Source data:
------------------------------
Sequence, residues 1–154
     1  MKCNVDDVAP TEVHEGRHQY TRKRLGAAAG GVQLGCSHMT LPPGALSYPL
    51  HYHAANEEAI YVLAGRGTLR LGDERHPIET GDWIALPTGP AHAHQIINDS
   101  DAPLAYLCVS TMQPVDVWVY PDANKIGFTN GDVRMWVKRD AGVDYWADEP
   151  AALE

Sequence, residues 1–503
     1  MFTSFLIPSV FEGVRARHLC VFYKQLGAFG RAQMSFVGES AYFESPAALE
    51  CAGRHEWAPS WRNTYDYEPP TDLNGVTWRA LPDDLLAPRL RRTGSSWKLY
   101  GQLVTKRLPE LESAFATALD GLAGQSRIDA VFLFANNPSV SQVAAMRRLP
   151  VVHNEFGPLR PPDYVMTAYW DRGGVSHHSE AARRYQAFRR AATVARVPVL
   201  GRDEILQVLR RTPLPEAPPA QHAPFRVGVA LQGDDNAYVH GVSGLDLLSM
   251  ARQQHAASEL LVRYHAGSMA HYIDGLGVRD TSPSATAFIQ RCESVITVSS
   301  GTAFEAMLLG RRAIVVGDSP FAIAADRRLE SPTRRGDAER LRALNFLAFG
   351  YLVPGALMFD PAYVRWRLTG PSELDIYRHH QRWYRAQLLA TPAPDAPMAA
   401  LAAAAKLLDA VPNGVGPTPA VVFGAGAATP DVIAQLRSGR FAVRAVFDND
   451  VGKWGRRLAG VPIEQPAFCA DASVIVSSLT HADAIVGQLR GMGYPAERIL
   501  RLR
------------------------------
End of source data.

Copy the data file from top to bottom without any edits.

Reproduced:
Sequence, residues 1–154
     1  MKCNVDDVAP TEVHEGRHQY TRKRLGAAAG GVQLGCSHMT LPPGALSYPL
    51  HYHAANEEAI YVLAGRGTLR LGDERHPIET GDWIALPTGP AHAHQIINDS
   101  DAPLAYLCVS TMQPVDVWVY PDANKIGFTN GDVRMWVKRD AGVDYWADEP
   151  AALE

Sequence, residues 1–503
     1  MFTSFLIPSV FEGVRARHLC VFYKQLGAFG RAQMSFVGES AYFESPAALE
    51  CAGRHEWAPS WRNTYDYEPP TDLNGVTWRA LPDDLLAPRL RRTGSSWKLY
   101  GQLVTKRLPE LESAFATALD GLAGQSRIDA VFLFANNPSV SQVAAMRRLP
   151  VVHNEFGPLR PPDYVMTAYW DRGGVSHHSE AARRYQAFRR AATVARVPVL
   201  GRDEILQVLR RTPLPEAPPA QHAPFRVGVA LQGDDNAYVH GVSGLDLLSM
   251  ARQQHAASEL LVRYHAGSMA HYIDGLGVRD TSPSATAFIQ RCESVITVSS
   301  GTAFEAMLLG RRAIVVGDSP FAIAADRRLE SPTRRGDAER LRALNFLAFG
   351  YLVPGALMFD PAYVRWRLTG PSELDIYRHH QRWYRAQLLA TPAPDAPMAA
   401  LAAAAKLLDA VPNGVGPTPA VVFGAGAATP DVIAQLRSGR FAVRAVFDND
   451  VGKWGRRLAG VPIEQPAFCA DASVIVSSLT HADAIVGQLR GMGYPAERIL
   501  RLR